Another large study (Kabbani TA, et al. Am J Gastroenterol. 2016;doi:10.1038/ajg.2016.53) links low vitamin D status with worse outcomes in IBD.
An excerpt from summary from HealioGastro: (Low vitamin D linked to higher morbidity, disease severity in IBD)
Binion and colleagues identified 965 IBD patients (61.9% Crohn’s disease; 38.1% ulcerative colitis; 52.3% women; mean age, 44 years) with up to 5 years of follow-up data in University of Pittsburgh Medical Center’s longitudinal IBD natural history registry…
At enrollment, 8.9% of patients were vitamin D deficient and 33.1% had vitamin D insufficiency vs. 4.9% and 23.6%, respectively, at the conclusion of the study period. Among patients who received vitamin D supplements, 67.9% achieved normal levels by the end of the study…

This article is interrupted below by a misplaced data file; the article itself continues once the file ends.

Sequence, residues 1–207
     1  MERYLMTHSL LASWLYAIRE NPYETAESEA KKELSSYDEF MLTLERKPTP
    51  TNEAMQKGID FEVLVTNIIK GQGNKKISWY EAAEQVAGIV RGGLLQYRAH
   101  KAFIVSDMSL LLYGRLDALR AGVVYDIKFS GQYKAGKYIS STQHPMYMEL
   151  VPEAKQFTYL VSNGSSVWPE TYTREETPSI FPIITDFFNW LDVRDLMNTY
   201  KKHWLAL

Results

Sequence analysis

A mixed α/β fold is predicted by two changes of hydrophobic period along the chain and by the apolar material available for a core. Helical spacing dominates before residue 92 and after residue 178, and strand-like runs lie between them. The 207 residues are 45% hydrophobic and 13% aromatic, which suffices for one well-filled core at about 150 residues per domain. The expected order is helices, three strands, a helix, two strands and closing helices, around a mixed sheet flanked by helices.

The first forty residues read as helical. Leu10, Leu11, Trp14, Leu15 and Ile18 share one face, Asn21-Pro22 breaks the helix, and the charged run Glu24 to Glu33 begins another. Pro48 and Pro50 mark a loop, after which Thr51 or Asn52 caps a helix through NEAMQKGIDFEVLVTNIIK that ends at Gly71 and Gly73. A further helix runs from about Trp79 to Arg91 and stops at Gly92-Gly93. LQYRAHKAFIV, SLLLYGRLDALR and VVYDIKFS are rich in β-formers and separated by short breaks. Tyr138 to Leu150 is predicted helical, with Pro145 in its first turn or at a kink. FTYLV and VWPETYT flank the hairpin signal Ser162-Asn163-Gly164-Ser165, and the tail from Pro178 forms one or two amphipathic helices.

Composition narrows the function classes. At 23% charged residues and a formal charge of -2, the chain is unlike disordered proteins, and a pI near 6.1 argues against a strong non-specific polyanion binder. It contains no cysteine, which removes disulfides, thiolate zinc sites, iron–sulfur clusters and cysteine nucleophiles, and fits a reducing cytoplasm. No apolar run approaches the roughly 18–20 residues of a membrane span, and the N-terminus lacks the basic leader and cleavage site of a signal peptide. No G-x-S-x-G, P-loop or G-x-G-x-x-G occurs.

Overall, patients with low vitamin D levels required significantly more steroids, biologics, narcotics, computed tomography scans, emergency department visits, hospital admissions and surgeries compared with those who had normal mean vitamin D levels (P < .05). They also had worse pain, disease activity scores and quality of life (P < .05).
“More importantly, correction of vitamin D deficiency was associated with overall improvement in clinical status,” Binion said.
My take: Vitamin D levels are often low when patients are acutely ill and can improve without supplements in many; this accounts for some of the association with worsened outcomes. True vitamin D deficiency and insufficiency does have negative physiologic effects and should be treated.
Related blog posts:
- Another Reason for Inflammatory Bowel Disease Patients to …take Vitamin D
- Single High-Dose Oral Vitamin D Therapy … – gutsandgrowth
- Explaining the Vitamin D Paradox | gutsandgrowth
- Why Adding Vitamin D May Not Help IBD | gutsandgrowth
- The Search for a Dietary Culprit in IBD | gutsandgrowth
- Vitamin D, IBD, and Causality | gutsandgrowth
- Common to be “D-ficient” | gutsandgrowth